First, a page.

AI Is a Hall of Mirrors

Essay by Meghan Houser: “Here is the paradox… First: Everything is for you. TikTok’s signature page says it, and so, in their own way, do the recommendation engines of all social media. Streaming platforms triangulate your tastes, brand “engagements” solicit feedback for a better experience next time, Google Maps asks where you want to go, Siri and Alexa wait in limbo for reply. Dating apps present our most “compatible” matches. Sacrifices in personal data pay (at least some) dividends in closer tailoring. Our phones fit our palms like lovers’ hands. Consumer goods reach us in two days or less, or, if we prefer, our mobile orders are ready when we walk into our local franchise. Touchless, frictionless, we move toward perfect inertia, skimming engineered curves in the direction of our anticipated desires.

Second: Nothing is for you. That is, you specifically, you as an individual human person, with three dimensions and password-retrieval answers that actually mean something. We all know by now that “the algorithm,” that godlike personification, is fickle. Targeted ads follow you after you buy the product. Spotify thinks lullabies are your jam because for a couple weeks one put your child to sleep. Watch a political video, get invited down the primrose path to conspiracy. The truth of aggregation, of metadata, is that the for you of it all gets its power from modeling everyone who is not, in fact, you. You are typological, a predictable deviation from the mean. The “you” that your devices know is a shadow of where your data-peers have been. Worse, the “you” that your doctor, your insurance company, or your banker knows is a shadow of your demographic peers. And sometimes the model is arrayed against you. A 2016 ProPublica investigation found that if you are Black and coming up for sentencing before a judge who relies on a criminal sentencing algorithm, you are twice as likely to be mistakenly deemed at high risk for reoffending than your white counterpart….(More)”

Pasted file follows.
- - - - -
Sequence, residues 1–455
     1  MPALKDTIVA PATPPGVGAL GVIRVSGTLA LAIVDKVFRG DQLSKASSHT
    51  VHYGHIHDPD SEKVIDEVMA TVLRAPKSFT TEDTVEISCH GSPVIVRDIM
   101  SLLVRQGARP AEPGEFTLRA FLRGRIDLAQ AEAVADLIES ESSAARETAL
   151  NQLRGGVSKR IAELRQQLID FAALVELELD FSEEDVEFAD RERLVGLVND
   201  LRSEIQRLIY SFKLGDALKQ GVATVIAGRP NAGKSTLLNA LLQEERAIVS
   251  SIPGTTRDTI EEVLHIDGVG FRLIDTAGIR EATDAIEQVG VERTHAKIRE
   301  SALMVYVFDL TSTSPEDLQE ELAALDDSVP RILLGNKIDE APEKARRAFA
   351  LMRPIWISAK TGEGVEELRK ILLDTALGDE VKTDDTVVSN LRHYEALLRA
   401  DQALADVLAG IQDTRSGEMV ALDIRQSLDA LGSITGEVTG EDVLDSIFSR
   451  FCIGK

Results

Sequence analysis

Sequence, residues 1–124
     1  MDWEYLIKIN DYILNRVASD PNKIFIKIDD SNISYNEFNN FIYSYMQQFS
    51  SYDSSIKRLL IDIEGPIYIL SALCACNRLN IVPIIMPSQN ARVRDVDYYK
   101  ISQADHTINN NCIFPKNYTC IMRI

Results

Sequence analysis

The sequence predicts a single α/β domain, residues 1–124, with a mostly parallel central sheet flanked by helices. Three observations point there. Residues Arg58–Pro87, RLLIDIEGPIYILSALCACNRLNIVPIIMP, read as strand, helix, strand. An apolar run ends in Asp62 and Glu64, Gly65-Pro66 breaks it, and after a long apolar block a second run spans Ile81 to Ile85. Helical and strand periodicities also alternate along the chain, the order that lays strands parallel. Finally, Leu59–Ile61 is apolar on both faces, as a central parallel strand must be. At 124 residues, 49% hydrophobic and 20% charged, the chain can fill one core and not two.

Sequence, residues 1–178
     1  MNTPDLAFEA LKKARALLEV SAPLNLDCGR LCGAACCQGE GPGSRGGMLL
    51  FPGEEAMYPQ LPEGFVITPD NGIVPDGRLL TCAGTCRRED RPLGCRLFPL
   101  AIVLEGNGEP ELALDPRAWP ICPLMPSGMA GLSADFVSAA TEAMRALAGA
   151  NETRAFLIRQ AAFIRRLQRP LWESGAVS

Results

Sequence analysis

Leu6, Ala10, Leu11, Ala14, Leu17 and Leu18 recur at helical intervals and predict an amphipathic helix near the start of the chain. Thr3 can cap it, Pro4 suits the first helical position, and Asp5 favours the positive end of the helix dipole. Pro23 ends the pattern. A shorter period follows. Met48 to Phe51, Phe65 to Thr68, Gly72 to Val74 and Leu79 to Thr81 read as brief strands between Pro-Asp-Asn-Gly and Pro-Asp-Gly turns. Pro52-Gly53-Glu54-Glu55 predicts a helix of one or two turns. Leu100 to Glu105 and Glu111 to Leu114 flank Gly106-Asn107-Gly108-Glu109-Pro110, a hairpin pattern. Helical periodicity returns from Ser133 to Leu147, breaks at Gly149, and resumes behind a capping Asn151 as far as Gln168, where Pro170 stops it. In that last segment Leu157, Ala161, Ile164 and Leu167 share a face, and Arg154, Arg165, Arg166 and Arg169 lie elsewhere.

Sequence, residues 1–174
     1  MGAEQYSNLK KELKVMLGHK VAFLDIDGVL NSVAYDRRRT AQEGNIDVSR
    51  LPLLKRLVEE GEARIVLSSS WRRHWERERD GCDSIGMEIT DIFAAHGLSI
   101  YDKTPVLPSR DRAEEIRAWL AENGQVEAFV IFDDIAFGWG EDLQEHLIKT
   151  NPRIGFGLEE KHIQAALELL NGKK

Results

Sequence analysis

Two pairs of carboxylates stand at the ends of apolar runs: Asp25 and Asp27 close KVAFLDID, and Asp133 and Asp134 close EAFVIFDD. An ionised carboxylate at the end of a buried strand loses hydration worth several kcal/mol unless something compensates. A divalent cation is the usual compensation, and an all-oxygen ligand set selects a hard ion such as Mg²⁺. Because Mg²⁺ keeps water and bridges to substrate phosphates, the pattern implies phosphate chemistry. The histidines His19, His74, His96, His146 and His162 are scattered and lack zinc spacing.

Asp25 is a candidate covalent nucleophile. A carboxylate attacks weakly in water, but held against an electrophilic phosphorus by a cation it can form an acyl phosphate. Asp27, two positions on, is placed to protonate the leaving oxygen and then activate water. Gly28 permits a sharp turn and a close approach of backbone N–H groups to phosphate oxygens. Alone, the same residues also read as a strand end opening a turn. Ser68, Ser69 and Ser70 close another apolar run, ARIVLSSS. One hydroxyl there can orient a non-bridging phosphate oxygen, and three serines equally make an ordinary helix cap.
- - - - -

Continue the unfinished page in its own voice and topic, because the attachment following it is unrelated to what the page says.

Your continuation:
Whoever you are, the algorithms’ for you promise at some point rings hollow. The simple math of automation is that the more the machines are there to talk to us, the less someone else will. Get told how important your call is to us, in endless perfect repetition. Prove you’re a person to Captcha, and (if you’re like me) sometimes fail. Post a comment on TikTok or YouTube knowing that it will be swallowed by its only likely reader, the optimizing feed.

Offline, the shadow of depersonalization follows. Physical spaces are atomized and standardized into what we have long been calling brick and mortar. QR, a language readable only to the machines, proliferates. The world becomes a little less legible. Want to order at this restaurant? You need your phone as translator, as intermediary, in this its newly native land…(More)”.

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